My Kind of Country

Country music from a fan's point of view since 2008

Tag Archives: Herb Alpert

Spotlight Artist: Waylon Jennings – the early years

waylon jennings 1960sAlthough Waylon Jennings didn’t quite make it to age sixty-five, he led a full and adventurous life, as related in his ‘warts and all” autobiography Waylon Jennings: An Autobiography. Starting out as a protégé of Buddy Holly (but not a member of the Crickets, as some have stated) and working his way thorough musical relationships with Herb Alpert, Bobby Bare, Jessi Colter, Johnny Cash, Chet Atkins, Willie Nelson and countless others, Waylon brought rock and roll sensibility without ever losing or burying the finest traditions of country music.

Waylon was first brought to prominence as a band member for Buddy Holly. When Holly died in that famous plane crash sometimes described as ‘the day the music died’, Waylon was racked by guilt as he had been slated to fly on that fateful flight that killed Holly, J.P. ‘Big Bopper” Richardson and Richard Valenzuela (aka Richie Valens) but had given up his seat to the Big Bopper. It took Waylon a while to get his bearings after that but he eventually landed with Herb Alpert, co-founder of A&M Records who produced some recordings on Waylon. While still on A&M, Bobby Bare brought Waylon to the attention of Chet Atkins at RCA and Alpert graciously released Waylon from his A&M contract.

I first had heard Waylon Jennings on the radio long before 1968, but the summer of 1968 was the first time I ever had money enough to buy record albums. During the 1960s and early 1970s most artists put out only one or two singles per album, so if you didn’t purchase the albums, the depth of a performer’s artistry could remain hidden.

In July of 1968, “Only Daddy That’ll Walk The Line” was released on an unsuspecting radio audience. Tougher and meaner than anything else on the radio, it gave Waylon his first #1 record reaching #1 on Record World’s country chart. The song didn’t quite reach the top on Billboard, reaching #2 for five weeks . The song also coincided with my increased exchequer so when the album Only The Greatest became available, I purchased it, the first of many Waylon Jennings albums I would purchase. Over the course of the next few years, I caught up on his RCA back catalogue and purchased the new albums as they became available. I still listen to those albums today and regard them as his finest endeavors.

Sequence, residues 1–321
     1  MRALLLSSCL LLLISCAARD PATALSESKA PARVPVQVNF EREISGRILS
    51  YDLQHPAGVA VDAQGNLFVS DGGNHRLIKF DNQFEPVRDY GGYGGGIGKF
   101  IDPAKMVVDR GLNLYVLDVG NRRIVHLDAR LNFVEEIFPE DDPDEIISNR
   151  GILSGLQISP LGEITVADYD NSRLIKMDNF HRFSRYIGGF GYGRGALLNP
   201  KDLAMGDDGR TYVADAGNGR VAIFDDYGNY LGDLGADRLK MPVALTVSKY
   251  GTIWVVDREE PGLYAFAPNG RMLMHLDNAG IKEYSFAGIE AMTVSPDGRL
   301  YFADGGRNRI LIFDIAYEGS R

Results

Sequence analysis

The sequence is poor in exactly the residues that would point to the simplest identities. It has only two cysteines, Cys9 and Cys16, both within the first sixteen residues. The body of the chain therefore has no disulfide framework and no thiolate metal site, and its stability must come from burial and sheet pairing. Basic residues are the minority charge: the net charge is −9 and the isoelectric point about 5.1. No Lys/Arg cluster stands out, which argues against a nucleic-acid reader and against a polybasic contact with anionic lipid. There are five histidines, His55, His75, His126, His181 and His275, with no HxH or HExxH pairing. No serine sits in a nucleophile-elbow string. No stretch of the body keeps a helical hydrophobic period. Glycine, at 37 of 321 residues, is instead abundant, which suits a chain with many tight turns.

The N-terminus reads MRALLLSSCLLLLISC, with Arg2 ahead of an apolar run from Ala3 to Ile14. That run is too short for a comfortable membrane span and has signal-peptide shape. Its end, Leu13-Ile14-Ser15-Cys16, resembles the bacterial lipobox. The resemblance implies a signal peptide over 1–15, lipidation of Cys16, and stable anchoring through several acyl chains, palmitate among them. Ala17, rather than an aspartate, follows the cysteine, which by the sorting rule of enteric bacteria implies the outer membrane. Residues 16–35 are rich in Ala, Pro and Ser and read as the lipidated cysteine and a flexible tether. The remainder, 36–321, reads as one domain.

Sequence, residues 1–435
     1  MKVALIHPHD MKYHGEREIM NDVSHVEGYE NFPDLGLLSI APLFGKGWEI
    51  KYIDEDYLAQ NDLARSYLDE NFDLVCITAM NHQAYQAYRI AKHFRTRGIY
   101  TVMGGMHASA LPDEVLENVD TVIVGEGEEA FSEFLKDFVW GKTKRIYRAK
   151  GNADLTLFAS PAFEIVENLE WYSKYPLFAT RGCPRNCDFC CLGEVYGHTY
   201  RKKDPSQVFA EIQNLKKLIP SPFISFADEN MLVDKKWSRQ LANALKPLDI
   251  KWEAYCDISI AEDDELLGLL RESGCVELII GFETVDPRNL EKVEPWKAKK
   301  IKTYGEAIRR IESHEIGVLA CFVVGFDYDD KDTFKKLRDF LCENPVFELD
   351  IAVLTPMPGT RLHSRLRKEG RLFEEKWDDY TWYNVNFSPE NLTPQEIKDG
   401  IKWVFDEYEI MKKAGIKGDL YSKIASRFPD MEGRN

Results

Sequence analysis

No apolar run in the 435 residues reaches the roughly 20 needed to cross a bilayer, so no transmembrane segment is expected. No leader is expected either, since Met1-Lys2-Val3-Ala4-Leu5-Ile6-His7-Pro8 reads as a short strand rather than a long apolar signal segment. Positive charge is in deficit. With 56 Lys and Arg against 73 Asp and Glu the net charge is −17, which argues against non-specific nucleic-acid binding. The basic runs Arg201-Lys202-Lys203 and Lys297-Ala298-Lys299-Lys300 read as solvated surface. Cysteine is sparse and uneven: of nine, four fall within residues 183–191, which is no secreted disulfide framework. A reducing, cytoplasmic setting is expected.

Our August spotlight artist is the ‘pre-outlaw’ Waylon Jennings. While he didn’t have the raw sound of his stage band on these recordings, Waylon made a bunch of strong albums with rarely a dud track, let alone any dud albums, among them.

While the ‘outlaw’ recordings of Waylon Jennings are generally better remembered, what is overlooked is that generally Waylon, like his contemporary Willie Nelson, was not unhappy about the songs he was recording, but about the way the songs were being presented on his recordings. The 1960s were the era of the ‘Nashville Sound’ with its full complement of background singers (usually the Anita Kerr Singers on RCA), orchestral arrangements and RCA’s studio musicians, with resulting records that the artist could not replicate in live performance. Waylon was rebelling against all of the accoutrements and striving to achieve a more basic and more organic sound. The so-called ‘outlaw movement’ was about the singer having greater control over the music but there was also a strong ‘forward to the past’ element to it.

Most people, including my colleagues here at MY KIND OF COUNTRY, will be making their first acquaintance with many of these recordings. I envy them the thrill of discovery they will have upon first encountering these recordings, for in my opinion these recordings are ONLY THE GREATEST.